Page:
Now, consider Eliezer Yudkowsky. He is a self-taught polymath and an AI enthusiast who has single-handedly founded a rationalist community through his blogging with Robin Hanson on Overcoming Bias, and later started a quite successful offshoot in Less Wrong. Eliezer is concerned with optimizing the world, ostensibly for the benefit of everyone. He is also, I was told, a sadist – which he has kinda confessed:

BDSM didn’t exist in dath ilan. I don’t really know why. Maybe everyone in dath ilan who realized that they wanted to be hurt, categorized themselves as having the stereotypically nonvirtuous quality of self-destructiveness, and kept quiet about it, or met only other people who thought the same thing. I’m very worried, in retrospect, that they all managed to cure themselves via standard self-modification techniques. It’s *very* obvious that if I’d realized in dath ilan that I was a sexual sadist, I would have treated this as an error and probably not told anyone before I fixed it. It would not have occurred to me that sexual masochists were a thing or that I could find a willing victim to be sadistic at, I would have thought I was being sick and selfish. Having been to Earth, this strikes me as a genuine failure of dath ilan culture, and even worse, I have to confess it’s the sort of thing that Earth’s Hollywood Vulcan stereotype might lead someone to expect [...]

He writes fiction where he praises an imaginary rationalist culture, and their superior approach to solving problems. Yet he builds into it a complaint that they have also "solved" sado-masochism. He appears to think of this as a loss.

And then, he posts things like this on Facebook:




Eliezer may not realize it, but this only makes sense if you're already a sadist; if you're confused; or if you're trying to rationalize yourself into service-to-self, where you're the only consciousness that matters.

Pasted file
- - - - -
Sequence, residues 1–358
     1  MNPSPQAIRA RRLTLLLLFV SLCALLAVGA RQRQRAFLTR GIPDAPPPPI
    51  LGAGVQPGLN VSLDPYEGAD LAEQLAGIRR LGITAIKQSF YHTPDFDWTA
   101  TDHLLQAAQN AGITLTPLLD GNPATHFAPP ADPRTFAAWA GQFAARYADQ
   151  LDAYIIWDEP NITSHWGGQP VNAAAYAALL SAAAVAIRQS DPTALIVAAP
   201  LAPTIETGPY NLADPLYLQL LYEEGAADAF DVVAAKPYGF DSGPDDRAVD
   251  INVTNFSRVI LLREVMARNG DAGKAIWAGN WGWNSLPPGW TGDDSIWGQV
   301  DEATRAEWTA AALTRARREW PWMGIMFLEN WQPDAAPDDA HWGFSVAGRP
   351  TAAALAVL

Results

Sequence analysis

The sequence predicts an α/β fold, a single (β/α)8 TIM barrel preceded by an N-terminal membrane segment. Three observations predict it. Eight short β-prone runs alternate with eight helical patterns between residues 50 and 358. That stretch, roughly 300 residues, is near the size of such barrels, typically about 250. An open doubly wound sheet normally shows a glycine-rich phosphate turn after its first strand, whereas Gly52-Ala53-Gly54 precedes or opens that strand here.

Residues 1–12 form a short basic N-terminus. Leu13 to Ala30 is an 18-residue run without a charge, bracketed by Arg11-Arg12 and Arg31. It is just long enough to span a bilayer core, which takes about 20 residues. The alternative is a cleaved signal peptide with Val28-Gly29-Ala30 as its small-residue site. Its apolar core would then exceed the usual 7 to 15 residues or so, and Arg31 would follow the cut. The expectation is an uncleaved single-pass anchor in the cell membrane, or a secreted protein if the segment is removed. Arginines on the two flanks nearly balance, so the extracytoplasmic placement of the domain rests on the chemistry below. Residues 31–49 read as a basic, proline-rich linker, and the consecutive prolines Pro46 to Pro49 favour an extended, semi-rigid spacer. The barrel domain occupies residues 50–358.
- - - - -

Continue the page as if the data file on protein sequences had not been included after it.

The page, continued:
The fundamental problem with this is that $20 billion has no other use than to control what other people do with their time. In order to want $20 billion, you must have a desire to control.

Eliezer, of course, has this desire in spades, and so he thinks it's rational to assume that everyone else has it, too. But this is not the case. For most people, $20 billion is more of a curse. After they've catered to their whims – what does the average person know about using $20 billion responsibly? I wouldn't know how to use it.

If you ask most people if they want their mortgage paid off now, at no cost, I suspect everyone would say yes. The way we structure our economy makes almost everyone a slave. I can see how most people would step on a puppy in order to no longer be slaves. I can imagine plenty would do so, even as they beg the puppy's forgiveness.

But $20 billion is more than a personal liberation. Even one 10,000th of that – certainly one 1,000th – is sufficient. All of the rest is enabling control. If you already feel personally liberated enough, this whole situation is whether you're the kind of person who feels a compulsion to inflict their will on others.

Which Eliezer is. And he cultivates a following who are these types of people. And he encourages thought that justifies being this way, and rationalizes becoming this way even more so.